Brady taught in schools across the state, including schools in downstate Sturgis, which is near the Indiana border. Locally, she spent time teaching at the Graveraet School, Bothwell Middle School, Marquette Senior High School and NMU.
“I taught at many schools in the state of Michigan,” she said. “In both the Upper and Lower Peninsulas. I came back to Marquette as a home agent for the (Marquette County) extension for a while and then taught at NMU for eight or nine years.”
When asked if she still keeps in touch with any of her former students, she had a suprising reply.
“I did until about five or 10 years ago,” she said. “I outlived them all. They all died before I did, in their late eighties or nineties. So no, I don’t keep in touch with students anymore and I miss it. We always had good correspondence and visits.”
Brady has seen many things change over the years, including major advancements in technology.
Many of the things we take for granted today weren’t available when she was growing up.
“It was interesting when we finally got television,” she said. “I still have trouble working it sometimes. I liked the things where you could turn a knob on and off. There have been a lot of great inventions. I remember when radio was invented and how excited everybody was. My dad would say “Come in, they’re playing organ music on the radio!” They would listen through all of the static. It’s fun to think back about those days.”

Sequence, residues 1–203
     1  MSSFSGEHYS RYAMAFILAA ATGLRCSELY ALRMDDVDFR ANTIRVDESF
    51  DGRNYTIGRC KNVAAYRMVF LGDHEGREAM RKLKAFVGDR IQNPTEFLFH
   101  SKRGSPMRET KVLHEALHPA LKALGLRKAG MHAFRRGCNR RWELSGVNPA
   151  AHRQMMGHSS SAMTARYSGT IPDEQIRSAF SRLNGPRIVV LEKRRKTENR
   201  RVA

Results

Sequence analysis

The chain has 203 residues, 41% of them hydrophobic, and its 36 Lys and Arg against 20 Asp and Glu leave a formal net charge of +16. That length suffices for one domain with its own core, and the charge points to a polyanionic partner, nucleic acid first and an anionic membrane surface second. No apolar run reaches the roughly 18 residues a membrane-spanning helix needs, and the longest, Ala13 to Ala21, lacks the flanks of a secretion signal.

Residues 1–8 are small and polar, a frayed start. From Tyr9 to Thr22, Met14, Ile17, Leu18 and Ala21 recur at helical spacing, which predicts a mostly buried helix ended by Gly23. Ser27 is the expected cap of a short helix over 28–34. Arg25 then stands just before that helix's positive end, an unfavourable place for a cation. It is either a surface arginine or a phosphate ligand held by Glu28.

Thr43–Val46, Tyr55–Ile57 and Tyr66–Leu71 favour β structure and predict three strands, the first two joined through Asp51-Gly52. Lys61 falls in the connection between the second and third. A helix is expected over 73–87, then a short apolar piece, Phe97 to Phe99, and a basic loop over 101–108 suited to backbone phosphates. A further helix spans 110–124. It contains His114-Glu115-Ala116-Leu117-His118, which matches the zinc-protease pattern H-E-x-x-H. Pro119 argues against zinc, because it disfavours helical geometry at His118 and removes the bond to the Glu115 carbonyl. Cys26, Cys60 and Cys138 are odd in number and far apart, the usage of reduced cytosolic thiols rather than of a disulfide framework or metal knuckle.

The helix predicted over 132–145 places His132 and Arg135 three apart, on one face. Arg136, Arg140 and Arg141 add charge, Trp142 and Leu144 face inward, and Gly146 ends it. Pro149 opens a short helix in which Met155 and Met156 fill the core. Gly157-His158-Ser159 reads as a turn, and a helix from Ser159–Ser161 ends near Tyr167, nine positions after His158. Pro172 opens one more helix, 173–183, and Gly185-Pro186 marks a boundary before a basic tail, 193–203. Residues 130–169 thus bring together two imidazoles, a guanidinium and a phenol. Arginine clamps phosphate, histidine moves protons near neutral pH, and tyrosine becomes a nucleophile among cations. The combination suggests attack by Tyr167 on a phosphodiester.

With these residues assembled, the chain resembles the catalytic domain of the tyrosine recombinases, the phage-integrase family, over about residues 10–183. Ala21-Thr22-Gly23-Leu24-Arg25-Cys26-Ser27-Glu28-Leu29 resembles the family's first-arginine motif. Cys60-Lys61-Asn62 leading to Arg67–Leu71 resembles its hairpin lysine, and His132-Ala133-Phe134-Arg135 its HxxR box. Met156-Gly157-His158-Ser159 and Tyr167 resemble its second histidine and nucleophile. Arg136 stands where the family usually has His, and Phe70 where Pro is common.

Brady shared two fond memories of her father as well.
“I can still remember when I had the measles and I was in my room by myself,” she said. “It was midnight and I would tiptoe through the dark kitchen with the kerosene lamp turned low and stand by my mother’s bed where my other two sisters were sleeping. I’d stand and cry and when nobody woke up I’d tiptoe back, my dad in the back bedroom would hear me crying and say ‘Come on Jayne, you can sleep on the other side of my bed.’ I said: ‘But daddy, you might get the measles,’ and he said ‘I’ll take my chances.’ He slept on one side, I slept on the other, and he didn’t get the measles, but my sisters did.
“We didn’t have running water, but we did have a well where we could lower a bucket and get water for washing dishes to take back every Saturday night. Once every six months or so, my dad would climb to the bottom of the well and rescue combs, handkerchiefs and sometimes money that would fall from people bending down to get water.”
Brady now resides at Brookridge Heights in Marquette. Due to the pandemic, they couldn’t hold a traditional celebration for her 100th birthday.
While Brady told The Mining Journal that she doesn’t deserve any special recognition, her family wants to make her feel special any way they can.
“We just want to say happy birthday to a wonderful mother,” said Betty Brunelle, one of Brady’s four daughters.
Brady admits that she doesn’t know how much longer she has left on Earth, but said it’s best to simply appreciate the time she has had.
“I’m ready to go to the other side,” she said. “I guess I’ve been eating too much oatmeal and too many vegetables and that’s just the way it goes. You don’t choose when you’re going to be born and you don’t choose when you’re going to die, so you just take it and smile.”
Ryan Spitza can be reached at 906-228-2500, ext. 248. His email address is firstname.lastname@example.org.